The Coalition of External Agencies will initially be tasked with enforcing natural law, i.e., preventing physical violence against persons and theft of property in possession. Later, the Republic may choose to supplement this service with their own administration of justice. This Constitution hereby instructs Sojourners, Residents, and Citizens to disobey the positive laws established by the City of Refuge whenever they violate natural law, and on the other hand, to adhere to natural law even when it is not reinforced by positive law. Individuals’ first allegiance must be to the right, and not to the law. Inasmuch as the Coalition of External Authorities and the Republic fail to secure persons against physical violence or theft, self-defense measures by individuals or groups shall be considered authorized by this Constitution.

The status of Citizen within the Republic is limited to persons who show an understanding of the basic principles of the Republic, and have sworn an oath to uphold them. In particular, Citizens shall not advocate restriction of immigration, on pain of forfeiture of Citizen status.

Military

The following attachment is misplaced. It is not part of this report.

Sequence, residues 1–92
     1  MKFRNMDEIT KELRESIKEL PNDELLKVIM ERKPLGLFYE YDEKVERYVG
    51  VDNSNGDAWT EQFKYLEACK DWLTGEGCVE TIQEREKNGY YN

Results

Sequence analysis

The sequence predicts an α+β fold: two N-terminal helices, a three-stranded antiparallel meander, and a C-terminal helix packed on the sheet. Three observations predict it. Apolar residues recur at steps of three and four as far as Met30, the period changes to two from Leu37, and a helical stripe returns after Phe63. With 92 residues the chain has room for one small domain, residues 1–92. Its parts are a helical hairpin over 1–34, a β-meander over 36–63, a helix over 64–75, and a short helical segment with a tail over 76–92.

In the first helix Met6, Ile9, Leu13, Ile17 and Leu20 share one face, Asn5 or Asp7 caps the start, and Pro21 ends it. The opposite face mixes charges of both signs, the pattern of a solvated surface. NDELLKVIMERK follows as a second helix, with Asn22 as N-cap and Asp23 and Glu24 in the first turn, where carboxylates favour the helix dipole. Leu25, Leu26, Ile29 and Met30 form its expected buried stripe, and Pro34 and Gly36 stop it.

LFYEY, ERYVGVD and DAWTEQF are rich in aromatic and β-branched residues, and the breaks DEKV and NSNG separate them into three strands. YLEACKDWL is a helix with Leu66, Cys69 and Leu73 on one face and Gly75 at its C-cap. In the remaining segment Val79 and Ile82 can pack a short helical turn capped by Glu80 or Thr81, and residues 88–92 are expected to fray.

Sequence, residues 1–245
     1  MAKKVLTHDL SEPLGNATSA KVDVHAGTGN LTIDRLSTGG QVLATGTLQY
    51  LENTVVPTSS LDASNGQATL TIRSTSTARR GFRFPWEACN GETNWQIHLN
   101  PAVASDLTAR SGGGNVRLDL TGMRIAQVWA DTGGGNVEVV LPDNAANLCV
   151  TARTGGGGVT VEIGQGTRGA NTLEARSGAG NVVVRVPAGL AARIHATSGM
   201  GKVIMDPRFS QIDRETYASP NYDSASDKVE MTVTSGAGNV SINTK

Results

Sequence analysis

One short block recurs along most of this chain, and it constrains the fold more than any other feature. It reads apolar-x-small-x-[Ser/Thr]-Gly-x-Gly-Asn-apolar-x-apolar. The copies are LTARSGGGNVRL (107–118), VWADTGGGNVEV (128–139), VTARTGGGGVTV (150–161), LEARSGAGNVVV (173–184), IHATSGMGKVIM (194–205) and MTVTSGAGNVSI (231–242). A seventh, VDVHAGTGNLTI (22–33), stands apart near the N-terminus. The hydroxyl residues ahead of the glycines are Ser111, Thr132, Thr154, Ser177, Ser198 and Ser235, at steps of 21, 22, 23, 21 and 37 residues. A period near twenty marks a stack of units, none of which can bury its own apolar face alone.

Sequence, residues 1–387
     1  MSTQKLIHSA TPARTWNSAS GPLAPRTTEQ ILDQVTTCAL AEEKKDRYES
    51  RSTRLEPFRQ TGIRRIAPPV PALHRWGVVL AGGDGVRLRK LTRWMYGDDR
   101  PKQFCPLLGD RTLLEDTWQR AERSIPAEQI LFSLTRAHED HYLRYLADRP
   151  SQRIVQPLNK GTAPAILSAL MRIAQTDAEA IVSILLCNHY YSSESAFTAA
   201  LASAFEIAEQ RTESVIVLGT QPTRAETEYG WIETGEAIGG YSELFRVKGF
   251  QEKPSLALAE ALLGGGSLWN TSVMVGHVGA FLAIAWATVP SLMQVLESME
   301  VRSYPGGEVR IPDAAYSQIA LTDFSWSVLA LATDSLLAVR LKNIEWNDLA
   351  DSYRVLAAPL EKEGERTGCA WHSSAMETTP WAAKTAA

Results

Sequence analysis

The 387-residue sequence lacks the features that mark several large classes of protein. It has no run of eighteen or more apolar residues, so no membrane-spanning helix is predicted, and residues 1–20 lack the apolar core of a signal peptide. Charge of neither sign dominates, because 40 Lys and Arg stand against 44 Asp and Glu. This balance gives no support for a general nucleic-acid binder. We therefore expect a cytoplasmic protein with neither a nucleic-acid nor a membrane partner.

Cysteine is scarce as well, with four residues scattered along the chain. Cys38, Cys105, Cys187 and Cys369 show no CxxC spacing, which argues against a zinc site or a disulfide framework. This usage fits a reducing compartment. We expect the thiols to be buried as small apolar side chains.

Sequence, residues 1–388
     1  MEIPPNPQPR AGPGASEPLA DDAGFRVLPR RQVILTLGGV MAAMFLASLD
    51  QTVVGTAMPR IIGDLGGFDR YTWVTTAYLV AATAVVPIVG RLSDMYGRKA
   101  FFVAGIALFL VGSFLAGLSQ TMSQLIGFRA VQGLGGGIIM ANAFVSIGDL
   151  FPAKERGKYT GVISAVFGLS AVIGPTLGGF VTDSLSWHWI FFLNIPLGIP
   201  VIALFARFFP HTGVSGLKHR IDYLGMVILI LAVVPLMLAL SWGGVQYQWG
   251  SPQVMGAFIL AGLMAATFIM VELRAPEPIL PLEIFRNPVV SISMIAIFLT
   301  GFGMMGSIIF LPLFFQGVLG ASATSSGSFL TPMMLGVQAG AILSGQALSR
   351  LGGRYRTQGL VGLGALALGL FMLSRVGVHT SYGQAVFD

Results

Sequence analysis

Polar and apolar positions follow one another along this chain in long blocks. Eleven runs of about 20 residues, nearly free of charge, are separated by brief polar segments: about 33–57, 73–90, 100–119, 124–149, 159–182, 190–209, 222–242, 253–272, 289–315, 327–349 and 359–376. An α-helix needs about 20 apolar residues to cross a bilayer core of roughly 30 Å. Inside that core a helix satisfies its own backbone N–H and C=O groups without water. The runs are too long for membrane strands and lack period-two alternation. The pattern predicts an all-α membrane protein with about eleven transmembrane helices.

A military force will be developed under the tutelage of the United States military and other donor countries, with which it is anticipated that it will be allied. Its function is not only the defense of the City of Refuge, but to serve as a rapid-response force for UN peacekeeping and other military tasks of general benefit to mankind and international peace, in the hope that its heroic exploits should redound to the glory of the City of Refuge. The military shall be primarily composed of Citizens of the City of Refuge, but shall have the right to recruit internationally as well in order to maximize professionalism and combat effectiveness.

Section II. Legal Status of Persons

Persons in the City of Refuge will be classified under three legal statuses, Sojourner, Resident, and Citizen, as described below.